On authorship - Michel Foucault and Roland Barthes

A plurality of egos



"It would be as false to seek the author in relation to the actual writer as to the fictional narrator; the "author-function" arises out of their scisson - in the division and distance of the two. One might object that this phenomenon only applies to novels or poetry, to a context of "quasi-discourse", but, in fact, all discourse that supports this "author function" is characterized by this plurality of egos." (Foucault, 129-130)

One can easily see the plurality of egos in First light - the actual "I" of the poem, the narrator cum growing bud; the author; and the actual writer. The latter two are not interchangeable, for "The author performs a function, the writer an activity." (Barthes, 186) In short, the writer is the person who welds the pen, whereas the author is the persona which provides the thoughts, the words, the style of writing. From this, we draw a key observation regarding the concept of the work of an author.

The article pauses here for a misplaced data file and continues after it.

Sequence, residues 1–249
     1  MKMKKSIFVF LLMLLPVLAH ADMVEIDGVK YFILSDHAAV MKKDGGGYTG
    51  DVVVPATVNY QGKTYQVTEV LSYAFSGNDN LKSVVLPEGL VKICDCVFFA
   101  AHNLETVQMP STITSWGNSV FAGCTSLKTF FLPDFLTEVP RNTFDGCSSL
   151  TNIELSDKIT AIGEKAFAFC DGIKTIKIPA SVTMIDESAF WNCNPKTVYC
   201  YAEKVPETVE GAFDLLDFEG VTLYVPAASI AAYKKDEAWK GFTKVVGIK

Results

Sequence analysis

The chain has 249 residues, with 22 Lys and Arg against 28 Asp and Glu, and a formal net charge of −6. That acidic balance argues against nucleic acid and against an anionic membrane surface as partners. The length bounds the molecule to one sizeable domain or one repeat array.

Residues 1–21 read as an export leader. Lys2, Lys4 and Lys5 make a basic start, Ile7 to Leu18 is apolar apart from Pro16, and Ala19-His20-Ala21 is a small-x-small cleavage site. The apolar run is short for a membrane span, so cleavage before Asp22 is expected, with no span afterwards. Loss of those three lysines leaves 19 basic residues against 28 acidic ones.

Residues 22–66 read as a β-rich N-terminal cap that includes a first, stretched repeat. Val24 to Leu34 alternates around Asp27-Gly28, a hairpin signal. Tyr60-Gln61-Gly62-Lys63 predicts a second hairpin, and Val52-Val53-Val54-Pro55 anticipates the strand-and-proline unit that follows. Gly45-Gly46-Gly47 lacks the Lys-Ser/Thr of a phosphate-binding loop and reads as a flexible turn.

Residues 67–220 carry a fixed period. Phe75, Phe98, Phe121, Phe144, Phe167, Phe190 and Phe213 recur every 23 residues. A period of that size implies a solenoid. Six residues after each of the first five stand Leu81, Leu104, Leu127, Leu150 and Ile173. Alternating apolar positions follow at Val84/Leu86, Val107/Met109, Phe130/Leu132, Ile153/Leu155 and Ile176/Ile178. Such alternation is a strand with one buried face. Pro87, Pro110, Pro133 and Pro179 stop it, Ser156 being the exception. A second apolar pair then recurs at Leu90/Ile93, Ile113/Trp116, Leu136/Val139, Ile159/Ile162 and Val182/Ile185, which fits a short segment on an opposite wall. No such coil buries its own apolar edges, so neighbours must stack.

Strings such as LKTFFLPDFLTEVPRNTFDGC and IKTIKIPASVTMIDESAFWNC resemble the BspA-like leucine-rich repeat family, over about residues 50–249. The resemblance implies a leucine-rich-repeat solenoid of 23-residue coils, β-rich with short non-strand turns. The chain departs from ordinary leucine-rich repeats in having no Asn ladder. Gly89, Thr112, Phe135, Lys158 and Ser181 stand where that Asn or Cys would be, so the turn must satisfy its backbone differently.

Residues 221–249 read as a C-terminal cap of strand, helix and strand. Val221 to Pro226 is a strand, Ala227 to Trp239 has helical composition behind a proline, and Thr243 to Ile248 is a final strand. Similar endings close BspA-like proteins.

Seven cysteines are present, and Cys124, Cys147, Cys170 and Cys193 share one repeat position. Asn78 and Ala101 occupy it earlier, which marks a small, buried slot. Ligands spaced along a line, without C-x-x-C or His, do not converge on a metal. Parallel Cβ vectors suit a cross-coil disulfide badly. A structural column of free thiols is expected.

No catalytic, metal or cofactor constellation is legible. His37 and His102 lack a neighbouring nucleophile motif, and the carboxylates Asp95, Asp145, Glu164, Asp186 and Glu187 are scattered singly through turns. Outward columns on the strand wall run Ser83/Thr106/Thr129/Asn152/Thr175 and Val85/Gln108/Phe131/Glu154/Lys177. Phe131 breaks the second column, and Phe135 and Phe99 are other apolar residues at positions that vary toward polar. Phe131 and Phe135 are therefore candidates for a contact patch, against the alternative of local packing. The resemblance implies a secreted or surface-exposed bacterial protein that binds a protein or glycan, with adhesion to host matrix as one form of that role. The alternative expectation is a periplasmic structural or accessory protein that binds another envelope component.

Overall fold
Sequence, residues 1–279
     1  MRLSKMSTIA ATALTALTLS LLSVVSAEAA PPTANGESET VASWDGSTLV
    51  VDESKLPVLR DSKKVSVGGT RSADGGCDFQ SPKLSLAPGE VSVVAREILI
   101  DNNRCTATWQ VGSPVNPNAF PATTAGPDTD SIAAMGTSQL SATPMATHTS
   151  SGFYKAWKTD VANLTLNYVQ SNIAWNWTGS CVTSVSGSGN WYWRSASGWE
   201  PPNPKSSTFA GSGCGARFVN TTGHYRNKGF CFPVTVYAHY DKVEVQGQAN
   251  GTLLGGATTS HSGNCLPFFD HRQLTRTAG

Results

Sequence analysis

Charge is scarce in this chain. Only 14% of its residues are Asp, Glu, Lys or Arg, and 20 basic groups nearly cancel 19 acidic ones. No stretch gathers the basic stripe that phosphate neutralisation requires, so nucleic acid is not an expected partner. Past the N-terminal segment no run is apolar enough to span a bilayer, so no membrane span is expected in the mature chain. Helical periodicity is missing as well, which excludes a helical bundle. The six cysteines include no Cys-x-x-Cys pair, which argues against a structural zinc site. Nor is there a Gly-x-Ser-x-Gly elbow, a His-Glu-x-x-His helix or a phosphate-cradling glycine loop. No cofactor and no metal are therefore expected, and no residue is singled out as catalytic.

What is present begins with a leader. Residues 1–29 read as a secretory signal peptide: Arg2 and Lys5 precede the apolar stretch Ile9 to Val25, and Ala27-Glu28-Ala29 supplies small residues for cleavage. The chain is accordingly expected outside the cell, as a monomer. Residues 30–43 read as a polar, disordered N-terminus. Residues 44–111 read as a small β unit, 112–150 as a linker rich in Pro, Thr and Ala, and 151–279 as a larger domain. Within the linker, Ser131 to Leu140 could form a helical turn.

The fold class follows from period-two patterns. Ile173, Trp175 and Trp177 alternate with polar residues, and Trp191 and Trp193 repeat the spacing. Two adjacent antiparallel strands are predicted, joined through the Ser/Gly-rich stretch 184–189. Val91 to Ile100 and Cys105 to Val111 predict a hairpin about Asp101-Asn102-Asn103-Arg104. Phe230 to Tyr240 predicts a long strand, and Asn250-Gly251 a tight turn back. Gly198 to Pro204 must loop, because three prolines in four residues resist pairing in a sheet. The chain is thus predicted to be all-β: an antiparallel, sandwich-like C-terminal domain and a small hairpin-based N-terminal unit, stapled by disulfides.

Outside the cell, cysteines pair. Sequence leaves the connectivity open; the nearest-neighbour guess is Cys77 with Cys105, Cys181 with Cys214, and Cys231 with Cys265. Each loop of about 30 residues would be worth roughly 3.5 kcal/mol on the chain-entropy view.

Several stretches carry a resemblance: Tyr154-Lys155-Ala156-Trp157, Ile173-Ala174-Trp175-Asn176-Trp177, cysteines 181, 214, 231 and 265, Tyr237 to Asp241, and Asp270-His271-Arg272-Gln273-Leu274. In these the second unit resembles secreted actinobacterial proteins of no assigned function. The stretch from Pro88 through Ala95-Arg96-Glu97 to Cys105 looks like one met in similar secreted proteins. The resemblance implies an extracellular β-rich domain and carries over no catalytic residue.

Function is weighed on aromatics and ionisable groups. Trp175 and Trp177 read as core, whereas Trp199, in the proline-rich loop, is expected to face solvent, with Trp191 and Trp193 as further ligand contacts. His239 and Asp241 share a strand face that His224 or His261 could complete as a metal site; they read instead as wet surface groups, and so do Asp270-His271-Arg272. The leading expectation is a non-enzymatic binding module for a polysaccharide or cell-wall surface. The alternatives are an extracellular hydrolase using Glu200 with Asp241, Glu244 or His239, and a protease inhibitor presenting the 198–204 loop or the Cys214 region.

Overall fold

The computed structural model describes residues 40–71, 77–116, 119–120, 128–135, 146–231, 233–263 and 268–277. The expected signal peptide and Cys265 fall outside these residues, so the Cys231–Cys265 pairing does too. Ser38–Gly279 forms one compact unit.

There is also a plurality of egos in the diary extract, despite it being a piece of non-fiction that is supposed to, by nature, reconcile the author and the writer as far as possible. When we look back at entries of old, we do not only look out for the activities the writer went through. Rather, we look out more for the author, whose similarity to the writer is "never fixed and undergoes considerable alteration within the course of a single book" (Foucault, 129), let alone in a matter of months and years. I suspect that the diarist would be more interested in her (the author's) method, processes and style of writing when she looks back at the entry, than the fact that she (the writer) was sitting on a train one particular morning.


Diary extract